Decoding gestures

For anyone who struggles with the meaning of gestures (such as pointing, request for handshake, etc.) the world must be difficult to decode. For one thing, their meaning varies from culture to culture; for another thing, the different contexts in which a gesture appears at different times, or should not appear, within the same culture can be very subtle.

The okay symbol that we know in Canada and the U.S. — thumb and forefinger touching while three fingers are raised (👌) — came up in conversation after Pink Cup Sister sneezed rather forcefully in the car one day.

Frances: Are you okay?

Pink Cup Sister: (usesđź‘Ś symbol)

Frances: I don’t know what that means.

Pink Cup Sister: It means I’m okay.

(Frances struggles to imitate her sister using her middle finger instead of her index finger.)

I think this is where ageing can make features of HF ASD more distinct. Most children without ASD will probably know this particular symbol (đź‘Ś) by ten-and-a-half years of age.

But I can remember when Frances was five years old: she looked puzzled as one of Pink Cup Sister’s friends held a hand up to signify a high-five was being requested of her. At that point, Pink Cup Sister took Frances’s hand and high-fived the friend. Before any diagnosis was sought, I remember wondering if perhaps a five-year-old would be expected to know the symbol for a high-five. I wasn’t sure, but I suspected so.

When she was six, and visiting with her developmental paediatrician, I remember the doctor telling her that he needed to put batteries in the train that she was holding. He held out his hand, and Frances just looked at it and then continued to be interested in the train. He repeated that he needed to put batteries in the train and kept his hand extended toward her and the toy. She didn’t pick up that cue, and I realized that she didn’t know the gesture and wondered, then, too, if she would typically know it at her age. (I silently suspected that a child of six would usually respond by handing over the train.)

Not long after, Frances was diagnosed with HF ASD based on psychometric testing and lengthy physician-observed appointments. The diagnosis wasn’t a surprise to us, but certain features of ASD were only just becoming apparent or hadn’t even yet been revealed.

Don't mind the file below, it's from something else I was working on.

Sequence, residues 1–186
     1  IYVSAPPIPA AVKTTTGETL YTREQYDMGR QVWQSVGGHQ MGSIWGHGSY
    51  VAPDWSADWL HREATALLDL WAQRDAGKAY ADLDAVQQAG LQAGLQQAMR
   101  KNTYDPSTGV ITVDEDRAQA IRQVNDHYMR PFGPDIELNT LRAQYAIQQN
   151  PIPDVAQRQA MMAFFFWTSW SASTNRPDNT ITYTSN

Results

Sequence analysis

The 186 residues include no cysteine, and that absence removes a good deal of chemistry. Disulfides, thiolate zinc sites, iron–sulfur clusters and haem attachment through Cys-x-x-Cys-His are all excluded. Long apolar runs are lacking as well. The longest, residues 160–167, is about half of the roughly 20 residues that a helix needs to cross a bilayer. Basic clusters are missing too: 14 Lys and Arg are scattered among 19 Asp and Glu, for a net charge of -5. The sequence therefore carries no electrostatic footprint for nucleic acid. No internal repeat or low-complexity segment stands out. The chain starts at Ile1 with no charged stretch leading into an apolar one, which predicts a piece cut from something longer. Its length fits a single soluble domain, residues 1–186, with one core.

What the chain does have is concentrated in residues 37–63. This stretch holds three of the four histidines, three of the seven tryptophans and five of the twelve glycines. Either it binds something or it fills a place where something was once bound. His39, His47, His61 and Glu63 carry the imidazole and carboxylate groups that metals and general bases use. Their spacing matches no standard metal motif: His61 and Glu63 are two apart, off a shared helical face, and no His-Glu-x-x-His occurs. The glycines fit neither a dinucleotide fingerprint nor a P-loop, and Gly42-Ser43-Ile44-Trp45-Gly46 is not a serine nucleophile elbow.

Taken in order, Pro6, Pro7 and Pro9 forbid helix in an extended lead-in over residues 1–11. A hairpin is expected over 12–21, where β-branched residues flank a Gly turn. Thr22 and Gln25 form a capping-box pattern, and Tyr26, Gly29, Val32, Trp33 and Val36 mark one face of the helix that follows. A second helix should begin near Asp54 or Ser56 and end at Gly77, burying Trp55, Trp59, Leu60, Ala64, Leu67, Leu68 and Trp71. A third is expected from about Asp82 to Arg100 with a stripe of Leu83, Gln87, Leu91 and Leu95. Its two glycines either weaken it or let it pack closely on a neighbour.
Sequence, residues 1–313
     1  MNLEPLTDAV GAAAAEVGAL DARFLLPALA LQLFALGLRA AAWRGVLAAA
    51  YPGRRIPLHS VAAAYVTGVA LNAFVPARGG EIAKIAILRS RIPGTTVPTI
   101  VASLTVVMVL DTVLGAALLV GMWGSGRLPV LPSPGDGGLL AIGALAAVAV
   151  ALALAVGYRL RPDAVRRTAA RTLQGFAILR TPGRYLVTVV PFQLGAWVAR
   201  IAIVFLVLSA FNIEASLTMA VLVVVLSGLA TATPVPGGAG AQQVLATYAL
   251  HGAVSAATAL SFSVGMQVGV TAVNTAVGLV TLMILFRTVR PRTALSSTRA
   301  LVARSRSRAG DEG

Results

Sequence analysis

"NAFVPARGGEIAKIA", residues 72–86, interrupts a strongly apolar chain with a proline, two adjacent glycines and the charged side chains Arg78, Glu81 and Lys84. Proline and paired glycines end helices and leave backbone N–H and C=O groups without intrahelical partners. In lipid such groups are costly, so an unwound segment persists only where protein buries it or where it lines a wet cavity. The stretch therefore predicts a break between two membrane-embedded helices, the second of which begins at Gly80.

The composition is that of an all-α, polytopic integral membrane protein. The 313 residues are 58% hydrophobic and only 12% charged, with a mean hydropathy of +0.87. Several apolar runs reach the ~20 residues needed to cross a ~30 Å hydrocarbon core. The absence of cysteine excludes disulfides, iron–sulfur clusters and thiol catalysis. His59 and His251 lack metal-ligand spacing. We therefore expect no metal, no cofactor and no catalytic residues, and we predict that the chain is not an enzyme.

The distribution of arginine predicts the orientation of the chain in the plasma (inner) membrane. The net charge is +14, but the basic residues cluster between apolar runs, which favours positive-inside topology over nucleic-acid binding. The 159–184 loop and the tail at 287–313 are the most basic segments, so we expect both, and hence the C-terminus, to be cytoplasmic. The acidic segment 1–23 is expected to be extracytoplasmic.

It was becoming clearer to me that social difficulties could be quite profound and that they involved more than the verbal interaction with which she was (and is) struggling.

But now, as I listen to her play a passage of the Moonlight Sonata perfectly and with great sensitivity, I can hear her communicating using her fingers in a way that many her age could not yet manage.

Certainly, gestural and body language challenge her— such as when people point to instruct or inform Frances — but she thrives on decoding the language of music (whether by ear or by reading notation). 

And when she plays the piano, it seems as if she is encountering something mysterious and interpreting it for us using a beautiful and clear form of communication that she intuitively understands.

Advertisements

Dinosaurs, literally

One aspect of autism spectrum disorder that affects Frances is difficulty with figurative language or words that are not intended to be interpreted literally. As she ages, the difficulty becomes more pronounced but it doesn’t always involve idioms or euphemisms.

We were recently at an event for children with autism, and Frances was describing her proposed birthday theme of dinosaurs. It seemed like a good time for me to join in the conversation.

Me: We can have lots of dinosaurs at your party…

Frances: What?!?

Me: Sorry, images of dinosaurs.